Tag Archives: worthiness

Dependence, Independence & Interdependence

I started reading a nerdy self- help book (The 7 habits of Highly Effective People) and wanted to share what I thought was a noteworthy concept we often confuse or misprioritize – dependence, independence, and interdependence. (highlighted in blue are direct words from the book) Many people think they need to isolate themselves for several years in order to find themselves or get their life together, but the reality is that we live in an interdependent world and being a part of it means we have to relate to that world every single day. Understanding how what you are impacts every interdependent interaction will help you focus your efforts sequentially, in harmony with the natural laws of growth.

  • Dependence– it has its pros and cons, but if it is an unhealthy type of dependence, our sense of worth and security would come from others’ opinions. Dependent people cannot choose to become interdependent. They don’t have the character to do it; they don’t own enough of themselves.
  • Independence– it has its pros and cons as well. Independence is more of a private victory. It is an important stepping stone, but not what we should ultimately strive for. Trying to reach interdependence without first having independence would be similar to trying to harvest a crop before planting it. In today’s culture though, it seems sooo hyped up about, mostly because independent people seem to get what they want through their own effort and are validated from within. Independence is a major achievement in and of itself, but it is not supreme. Nevertheless, the current social paradigm enthrones independence. It is the avowed goal of many individuals and social movements. Most of the self- improvement material puts independence on a pedestal, as though communication, teamwork, and cooperation were lesser values.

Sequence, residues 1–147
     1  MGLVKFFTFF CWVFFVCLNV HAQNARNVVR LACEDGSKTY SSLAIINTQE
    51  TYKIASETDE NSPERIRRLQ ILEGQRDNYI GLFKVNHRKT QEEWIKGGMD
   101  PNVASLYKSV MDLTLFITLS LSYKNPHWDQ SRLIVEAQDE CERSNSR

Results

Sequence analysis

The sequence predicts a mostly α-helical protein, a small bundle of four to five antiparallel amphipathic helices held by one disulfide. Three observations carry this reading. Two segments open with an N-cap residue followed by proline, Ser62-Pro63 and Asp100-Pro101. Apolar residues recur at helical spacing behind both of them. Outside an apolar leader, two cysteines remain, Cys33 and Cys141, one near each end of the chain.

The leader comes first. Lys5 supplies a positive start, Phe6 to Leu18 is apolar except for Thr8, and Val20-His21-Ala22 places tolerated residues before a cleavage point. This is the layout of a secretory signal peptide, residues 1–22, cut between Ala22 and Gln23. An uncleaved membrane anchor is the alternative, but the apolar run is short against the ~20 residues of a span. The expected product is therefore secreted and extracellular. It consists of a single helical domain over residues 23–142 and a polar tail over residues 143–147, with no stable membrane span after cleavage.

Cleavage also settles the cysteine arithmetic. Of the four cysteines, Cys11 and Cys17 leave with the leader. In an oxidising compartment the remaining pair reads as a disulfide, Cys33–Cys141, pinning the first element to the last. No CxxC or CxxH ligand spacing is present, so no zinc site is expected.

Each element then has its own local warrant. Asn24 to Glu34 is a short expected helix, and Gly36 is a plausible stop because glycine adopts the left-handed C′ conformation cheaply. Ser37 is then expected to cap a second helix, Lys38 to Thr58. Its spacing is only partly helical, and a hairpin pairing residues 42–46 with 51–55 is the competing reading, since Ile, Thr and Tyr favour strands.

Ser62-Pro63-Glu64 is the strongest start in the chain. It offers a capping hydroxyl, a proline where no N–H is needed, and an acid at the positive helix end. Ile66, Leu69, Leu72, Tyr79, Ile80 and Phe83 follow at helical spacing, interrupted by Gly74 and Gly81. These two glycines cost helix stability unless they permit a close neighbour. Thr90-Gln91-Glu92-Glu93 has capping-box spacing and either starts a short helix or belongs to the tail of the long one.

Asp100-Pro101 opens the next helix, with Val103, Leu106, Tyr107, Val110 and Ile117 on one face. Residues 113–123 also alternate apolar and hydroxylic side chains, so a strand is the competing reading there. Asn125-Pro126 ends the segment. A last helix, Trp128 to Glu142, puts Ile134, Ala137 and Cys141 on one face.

• 🌟Interdependence🌟- Our ultimate goal. “Life, by nature, is highly interdependent. Interdependence is a far more mature, advanced concept. If I am physically interdependent, I am self- reliant and capable, but I also realize that you and I working together can accomplish far more than, even at my best, I could accomplish alone. If I am emotionally interdependent, I derive a great sense of worth within myself, but I also recognize the need for love, for giving, and for receiving love from others. If I am intellectually interdependent, I realize that I need the best thinking of other people to join with my own.
  • As we continue to grow and mature, we become increasingly aware that all of nature is interdependent, that there is an ecological system that governs nature, including society. We further discover that the higher reaches of our nature have to do with our relationships with others – that human life also is interdependent.

What do you think of these interpretations? Do you agree with them? Let us know in the comments below!